However, the broad role of the trustee remains the same: to hire and support a president; and to serve both a fiduciary and a policy-making function at the college. But during this pandemic, that role has become more challenging. Some examples of issues trustees have had to address are further explained below.
–The board has always had a responsibility for the fiscal well-being of the institution. This past year, the trustees also assumed a responsibility for the physical well-being of students, faculty, and staff at the college.
–A trustee board should always work as a unit. Trustees’ power is collective in nature, not vested in individual trustees. Under the new “rules of engagement,” meetings became virtual. Board unity was more important than ever, but also more difficult to achieve.
–The role of hiring and evaluating a president became more difficult. During the hiring process, Zoom interviews sometimes took the place of in-person conversations and campus visits. Evaluating the college chief executive also depends on interpersonal interaction with the president, but that too became problematic.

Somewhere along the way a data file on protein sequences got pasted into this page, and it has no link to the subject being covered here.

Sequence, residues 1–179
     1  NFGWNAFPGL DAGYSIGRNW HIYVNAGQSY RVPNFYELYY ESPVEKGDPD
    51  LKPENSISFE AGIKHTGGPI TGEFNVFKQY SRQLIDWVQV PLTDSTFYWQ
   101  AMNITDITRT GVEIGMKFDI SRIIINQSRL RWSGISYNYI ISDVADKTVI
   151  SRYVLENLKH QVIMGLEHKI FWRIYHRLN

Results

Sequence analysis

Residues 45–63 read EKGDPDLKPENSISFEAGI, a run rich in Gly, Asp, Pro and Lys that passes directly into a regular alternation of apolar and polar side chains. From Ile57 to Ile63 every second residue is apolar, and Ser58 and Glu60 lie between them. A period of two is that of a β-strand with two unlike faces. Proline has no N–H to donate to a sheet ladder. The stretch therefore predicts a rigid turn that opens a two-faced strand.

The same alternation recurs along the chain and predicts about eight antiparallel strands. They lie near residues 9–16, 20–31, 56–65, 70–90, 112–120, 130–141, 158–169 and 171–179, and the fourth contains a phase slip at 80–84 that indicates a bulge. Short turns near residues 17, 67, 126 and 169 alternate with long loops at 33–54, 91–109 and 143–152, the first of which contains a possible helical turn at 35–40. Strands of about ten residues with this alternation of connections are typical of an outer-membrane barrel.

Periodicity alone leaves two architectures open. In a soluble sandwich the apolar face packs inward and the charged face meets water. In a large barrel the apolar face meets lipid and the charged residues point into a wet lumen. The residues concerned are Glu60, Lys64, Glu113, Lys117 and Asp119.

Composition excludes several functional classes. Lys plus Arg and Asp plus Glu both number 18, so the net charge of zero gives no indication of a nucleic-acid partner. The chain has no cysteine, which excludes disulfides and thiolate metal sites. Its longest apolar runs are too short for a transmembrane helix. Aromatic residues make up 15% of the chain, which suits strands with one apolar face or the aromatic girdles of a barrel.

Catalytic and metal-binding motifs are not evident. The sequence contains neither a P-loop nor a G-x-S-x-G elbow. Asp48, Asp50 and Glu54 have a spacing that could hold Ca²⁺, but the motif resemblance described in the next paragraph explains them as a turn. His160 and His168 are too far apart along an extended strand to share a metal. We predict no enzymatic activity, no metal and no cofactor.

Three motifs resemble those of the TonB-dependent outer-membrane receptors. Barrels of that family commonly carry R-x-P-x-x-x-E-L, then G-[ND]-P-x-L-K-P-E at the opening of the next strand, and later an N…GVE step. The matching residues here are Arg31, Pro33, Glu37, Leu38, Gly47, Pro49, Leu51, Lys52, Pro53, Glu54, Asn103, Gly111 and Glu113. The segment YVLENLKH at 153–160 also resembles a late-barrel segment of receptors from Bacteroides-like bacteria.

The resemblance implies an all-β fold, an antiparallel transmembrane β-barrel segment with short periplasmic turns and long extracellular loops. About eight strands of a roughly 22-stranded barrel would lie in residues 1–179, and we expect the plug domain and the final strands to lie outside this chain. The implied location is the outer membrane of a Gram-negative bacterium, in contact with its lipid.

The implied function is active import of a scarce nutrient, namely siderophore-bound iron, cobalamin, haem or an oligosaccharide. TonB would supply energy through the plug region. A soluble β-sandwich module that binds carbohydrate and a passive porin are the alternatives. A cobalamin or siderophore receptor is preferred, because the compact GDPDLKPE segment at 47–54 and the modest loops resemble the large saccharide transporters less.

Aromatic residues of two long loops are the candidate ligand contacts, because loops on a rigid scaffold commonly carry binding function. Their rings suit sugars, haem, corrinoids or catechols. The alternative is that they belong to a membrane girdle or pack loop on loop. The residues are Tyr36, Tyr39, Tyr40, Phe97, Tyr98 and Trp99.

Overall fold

–North Carolina Session Law 115D, which governs community colleges, including how trustees are appointed, stipulates in section 12(b) that trustees must reside in the administrative area of the college. Clearly, the intent is that Boards of Trustees not only represent the college in the community it serves, but they also have a duty to bring the community’s needs, challenges and opportunities to the college. Trustees are required to approve ALL new programs as an assurance that college programming addresses only the needs of the community it serves. Now is a good time for Boards to do a serious self-assessment as to how well they maintained that link between college and community during this disruption. For example, did the Board exchange pandemic information shared by the governor and department of public health that changed daily? Did the Board share information in terms of how these mandates would impact the college and ways the college might respond as a community resource?